It's January, Time For A Portfolio Tune-Up
Special to CNBC.com
Another option are municipal securities, which make sense for investors in higher tax brackets in particular. While some analysts believe muni bonds face potential default as states and cities struggle under debt loads, others believe the market has sold off quite a bit, creating opportunities. Investors can test whether muni bonds make economic sense for their own circumstances with a tax-equivalent yield bond calculatoron Morningstar's website.
Yu at EisnerAmper recommends munis for his clients, although he advises them to stay clear of bonds issued in high risk states like California, Florida, New York and New Jersey. He also recommends buying short maturities.
“I have bonds that mature in 2011, 2012, 2013, so every year I have an event that causes us to relook,” Yu says.
The adviser prefers his high net-worth clients buy individual bonds, instead of mutual funds, to avoid concerns with price fluctuations should rates rise. To make buying individual bonds practical, however, an investor would need to have at least $2 million to $3 million to allocate to the sector, he says.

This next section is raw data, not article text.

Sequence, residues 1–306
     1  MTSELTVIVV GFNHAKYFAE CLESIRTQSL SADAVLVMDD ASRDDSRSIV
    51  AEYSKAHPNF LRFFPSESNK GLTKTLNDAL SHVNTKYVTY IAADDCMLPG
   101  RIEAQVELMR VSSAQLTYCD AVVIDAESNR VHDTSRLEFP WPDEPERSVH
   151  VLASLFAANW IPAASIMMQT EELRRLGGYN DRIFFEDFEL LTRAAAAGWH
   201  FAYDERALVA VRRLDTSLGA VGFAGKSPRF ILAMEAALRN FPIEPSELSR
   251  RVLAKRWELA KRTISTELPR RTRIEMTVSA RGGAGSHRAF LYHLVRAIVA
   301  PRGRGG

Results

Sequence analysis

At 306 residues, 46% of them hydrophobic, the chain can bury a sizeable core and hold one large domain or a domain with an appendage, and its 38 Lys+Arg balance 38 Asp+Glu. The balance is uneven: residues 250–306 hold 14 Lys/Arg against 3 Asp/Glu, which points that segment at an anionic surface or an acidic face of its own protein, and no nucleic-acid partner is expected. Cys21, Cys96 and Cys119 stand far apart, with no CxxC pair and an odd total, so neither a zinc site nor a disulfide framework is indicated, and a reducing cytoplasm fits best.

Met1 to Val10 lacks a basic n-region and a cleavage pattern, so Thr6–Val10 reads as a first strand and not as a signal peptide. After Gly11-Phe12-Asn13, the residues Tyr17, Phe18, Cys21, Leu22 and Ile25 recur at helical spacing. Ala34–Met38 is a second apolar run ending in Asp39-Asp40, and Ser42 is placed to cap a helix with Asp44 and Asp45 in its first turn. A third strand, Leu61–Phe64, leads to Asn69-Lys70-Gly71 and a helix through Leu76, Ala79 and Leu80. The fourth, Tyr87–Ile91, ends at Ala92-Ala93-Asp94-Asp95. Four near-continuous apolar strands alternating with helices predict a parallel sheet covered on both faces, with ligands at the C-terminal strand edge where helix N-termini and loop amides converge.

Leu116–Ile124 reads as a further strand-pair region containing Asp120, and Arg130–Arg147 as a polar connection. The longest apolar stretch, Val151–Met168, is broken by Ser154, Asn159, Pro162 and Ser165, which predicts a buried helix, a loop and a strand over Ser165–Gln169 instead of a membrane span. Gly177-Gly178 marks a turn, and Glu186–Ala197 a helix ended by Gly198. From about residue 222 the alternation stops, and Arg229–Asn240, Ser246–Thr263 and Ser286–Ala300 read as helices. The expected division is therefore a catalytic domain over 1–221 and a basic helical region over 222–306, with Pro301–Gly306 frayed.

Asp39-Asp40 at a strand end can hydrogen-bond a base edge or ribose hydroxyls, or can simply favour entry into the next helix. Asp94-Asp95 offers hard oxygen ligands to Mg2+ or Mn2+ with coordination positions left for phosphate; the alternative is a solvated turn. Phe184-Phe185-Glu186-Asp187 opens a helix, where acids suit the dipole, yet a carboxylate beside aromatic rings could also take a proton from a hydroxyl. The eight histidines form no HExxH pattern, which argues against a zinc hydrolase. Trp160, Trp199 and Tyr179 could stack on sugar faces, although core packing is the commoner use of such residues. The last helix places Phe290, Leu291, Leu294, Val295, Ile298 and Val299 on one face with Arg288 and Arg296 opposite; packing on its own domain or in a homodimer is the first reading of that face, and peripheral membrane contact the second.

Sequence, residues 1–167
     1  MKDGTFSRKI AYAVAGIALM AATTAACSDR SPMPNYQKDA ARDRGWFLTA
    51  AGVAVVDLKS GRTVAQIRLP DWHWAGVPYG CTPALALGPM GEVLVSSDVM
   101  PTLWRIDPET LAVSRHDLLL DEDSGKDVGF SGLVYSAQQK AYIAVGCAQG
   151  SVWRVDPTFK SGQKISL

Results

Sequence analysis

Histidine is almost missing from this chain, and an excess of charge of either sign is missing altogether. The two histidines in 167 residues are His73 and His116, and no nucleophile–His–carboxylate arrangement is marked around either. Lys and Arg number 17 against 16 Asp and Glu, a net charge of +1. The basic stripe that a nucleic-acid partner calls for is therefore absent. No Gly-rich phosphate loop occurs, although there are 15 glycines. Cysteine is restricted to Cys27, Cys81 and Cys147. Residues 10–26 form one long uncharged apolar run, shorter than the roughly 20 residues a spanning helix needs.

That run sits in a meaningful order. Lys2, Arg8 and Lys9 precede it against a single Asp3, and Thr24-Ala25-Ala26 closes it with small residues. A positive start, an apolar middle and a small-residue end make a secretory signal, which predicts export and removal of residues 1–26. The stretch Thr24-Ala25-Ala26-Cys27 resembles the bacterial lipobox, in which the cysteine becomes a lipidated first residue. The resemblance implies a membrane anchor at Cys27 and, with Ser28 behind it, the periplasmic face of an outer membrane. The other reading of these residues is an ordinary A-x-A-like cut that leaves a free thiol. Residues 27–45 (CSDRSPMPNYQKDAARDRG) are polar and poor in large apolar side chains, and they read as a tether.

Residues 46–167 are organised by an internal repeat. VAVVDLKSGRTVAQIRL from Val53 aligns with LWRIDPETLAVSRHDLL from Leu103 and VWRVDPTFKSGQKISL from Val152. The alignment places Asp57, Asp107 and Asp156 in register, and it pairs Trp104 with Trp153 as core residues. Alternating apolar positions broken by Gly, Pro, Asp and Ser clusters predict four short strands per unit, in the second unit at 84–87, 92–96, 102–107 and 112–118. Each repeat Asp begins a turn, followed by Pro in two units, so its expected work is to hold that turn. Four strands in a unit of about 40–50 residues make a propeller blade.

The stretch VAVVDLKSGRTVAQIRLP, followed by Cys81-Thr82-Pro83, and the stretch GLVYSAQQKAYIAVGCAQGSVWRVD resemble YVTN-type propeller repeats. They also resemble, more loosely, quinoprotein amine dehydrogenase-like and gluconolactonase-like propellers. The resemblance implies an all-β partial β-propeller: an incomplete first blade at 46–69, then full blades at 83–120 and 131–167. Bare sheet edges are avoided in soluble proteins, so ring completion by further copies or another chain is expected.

Investors with an asset allocation plan in place should make major changes in their mix of bonds, stocks and cash at most every five years. Otherwise, fine tune, but only if gains and losses have resulted in major changes of 3-to-5 percentage points, advisers say. If an investor's 10 percent allocation to large-capitalization stocks falls to 6 percent, Yu says, it's time buy more large caps.
"It gives you some discipline, and you take some of the emotion out of the investing," he says.